0 of 0


Nearly 200 countries are attending the Paris climate summit and nearly every one has something at stake. Yet it's hard to find anyone with more on the line than Tony de Brum, the foreign minister for the Marshall Islands.

"The Marshall Islands covers an area of approximately a million square miles of ocean. Many people call us a small island state. I prefer to be called a large ocean state," de Brum says.

The islands sit in the Pacific, far west of Hawaii, with a population of more than 70,000 spread over 29 atolls. I wanted to experience a day in the life of this United Nations summit through his eyes.

We're in the back seat of a car, rolling from his hotel through the dark and empty streets of Paris. It's before dawn and de Brum is getting his first briefing of the day.

"Every day has been like a 6:45 to midnight run," he says.

An aide continues the briefing, preparing the minister for a breakfast featuring former Vice President Al Gore.

"For us, it's 1.5 to stay alive," the aide says.

That phrase comes up a lot when you talk to people from small island states. Here's what it means:

The world's countries have agreed that if the global temperature increases by more than 2 degrees Celsius (3.6 degrees Fahrenheit), it will have disastrous impacts.

But in places like the Marshall Islands, de Brum says, even 2 degrees is a calamity. So the target it advocates is 1.5 degrees Celsius (2.7 Fahrenheit).

"We cannot be expected to sign off on a small island death warrant here in Paris," says de Brum. "Anything over 2 degrees is a death warrant for us. It means the sea level will rise above ... our level of the islands. It means the islands go under."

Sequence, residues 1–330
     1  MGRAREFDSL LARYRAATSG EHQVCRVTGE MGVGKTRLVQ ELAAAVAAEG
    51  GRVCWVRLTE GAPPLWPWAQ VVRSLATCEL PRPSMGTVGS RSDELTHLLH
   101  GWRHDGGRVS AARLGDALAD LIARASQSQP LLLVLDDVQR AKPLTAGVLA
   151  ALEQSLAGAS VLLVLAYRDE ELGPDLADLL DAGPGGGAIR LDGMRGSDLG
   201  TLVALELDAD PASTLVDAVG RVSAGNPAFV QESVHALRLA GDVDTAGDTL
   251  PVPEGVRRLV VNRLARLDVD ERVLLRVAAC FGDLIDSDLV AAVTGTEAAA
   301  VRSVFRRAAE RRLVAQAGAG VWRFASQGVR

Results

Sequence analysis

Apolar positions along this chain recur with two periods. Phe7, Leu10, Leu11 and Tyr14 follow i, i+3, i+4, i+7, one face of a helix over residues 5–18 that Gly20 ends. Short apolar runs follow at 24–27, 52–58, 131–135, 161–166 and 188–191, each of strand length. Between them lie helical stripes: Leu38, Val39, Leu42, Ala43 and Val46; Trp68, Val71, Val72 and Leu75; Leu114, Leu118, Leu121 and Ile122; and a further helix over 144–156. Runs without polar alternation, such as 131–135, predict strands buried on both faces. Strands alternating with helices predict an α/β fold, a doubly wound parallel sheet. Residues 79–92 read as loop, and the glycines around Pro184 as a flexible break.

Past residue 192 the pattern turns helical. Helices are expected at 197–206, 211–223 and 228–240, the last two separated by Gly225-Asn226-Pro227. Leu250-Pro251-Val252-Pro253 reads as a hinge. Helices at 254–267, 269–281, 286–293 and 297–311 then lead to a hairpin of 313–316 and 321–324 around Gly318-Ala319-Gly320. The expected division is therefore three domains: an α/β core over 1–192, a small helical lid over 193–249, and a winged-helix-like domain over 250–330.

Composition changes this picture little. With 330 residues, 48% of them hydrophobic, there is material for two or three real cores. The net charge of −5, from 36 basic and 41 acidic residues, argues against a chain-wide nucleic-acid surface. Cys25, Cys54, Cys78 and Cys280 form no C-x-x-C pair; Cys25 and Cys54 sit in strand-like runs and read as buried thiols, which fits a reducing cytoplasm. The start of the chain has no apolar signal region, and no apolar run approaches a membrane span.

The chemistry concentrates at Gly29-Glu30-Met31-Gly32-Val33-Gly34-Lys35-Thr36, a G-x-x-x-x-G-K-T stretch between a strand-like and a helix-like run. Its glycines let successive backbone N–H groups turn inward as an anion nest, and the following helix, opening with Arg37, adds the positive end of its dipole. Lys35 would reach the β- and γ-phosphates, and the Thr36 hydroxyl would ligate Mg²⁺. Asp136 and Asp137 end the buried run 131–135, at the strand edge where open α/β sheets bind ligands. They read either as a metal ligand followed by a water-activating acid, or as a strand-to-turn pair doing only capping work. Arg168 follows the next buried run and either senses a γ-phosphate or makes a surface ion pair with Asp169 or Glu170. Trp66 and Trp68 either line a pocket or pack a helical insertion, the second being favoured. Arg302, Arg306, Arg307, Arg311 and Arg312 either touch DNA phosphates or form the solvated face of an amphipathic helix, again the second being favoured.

An 18-year-old named Selina Leem is riding in the car with us.
She's part of the Marshall Islands delegation, and she says things have already changed on the islands since she was a kid.

"The area that I'm living in, it's one of the most affected areas in the Marshall Islands," she says.

Coconut trees she used to climb have washed away. Sea walls have been demolished.

"Graves of grandparents, people who lived in my town, are just gone," she says. She worries that her family may have to leave their home.

"We live close to the water. Last year there was an inundation, and for the first time the water actually washed into our house," she says.

The sky is just starting to turn pink by the time we arrive at the conference center. The minister wears a bright red scarf over his dark suit and silver hair. His skin has the wear of a man who's spent much of his life in the sun.

De Brum ducks into the breakfast with Al Gore and other delegates. Reporters are not allowed in. The next event on his schedule is a bit ... creamier.

"We're about to go to a launching of a new flavor of Ben & Jerry's ice cream," he says.

The flavor is called Save Our Swirled.

De Brum breaks into song, to the tune of Duke of Earl. "Scoop, scoop scoop, scoop of swirl, swirl, swirl ..."

This will not be the last time today he sings the song.

At the event, there's a giant ice cream cone with a melting globe on top of it. A scrum of reporters with cameras crowds around the ice cream stand. The CEO of Ben & Jerry's, Jostein Solheim, welcomes de Brum.

It's a strange thing about these climate summits. The fate of humanity might hang in the balance, but there can also be a kind of circus atmosphere.

From the ice cream photo-op, the foreign minister walks to one meeting after another. A round of closed-door deliberations takes up his entire afternoon, and into the evening.

The U.S. has a complicated history with the Marshall Islands. The American military tested nuclear weapons there. Today, Marshallese people who want to relocate to the U.S. are allowed to do so.

De Brum says it's not so simple though.

"To move people from their islands, it's not like New York to California," he says. "It's a serious, traumatic, heart-wrenching separation of a man from his soul."

De Brum, who is 70, has 10 grandkids and four great-grandchildren, most of whom live on the islands.

As he walks from one meeting to another, I ask him if the younger generations will be able to remain.

"I'm hoping that what I do here will result in them not having to move anywhere. That's the whole purpose of the exercise, isn't it?" he says. "I Skyped with them last night. 'How's it going? Do we have to move anywhere?' I said, 'No, not yet.'"

Copyright 2016 NPR. To see more, visit http://www.npr.org/.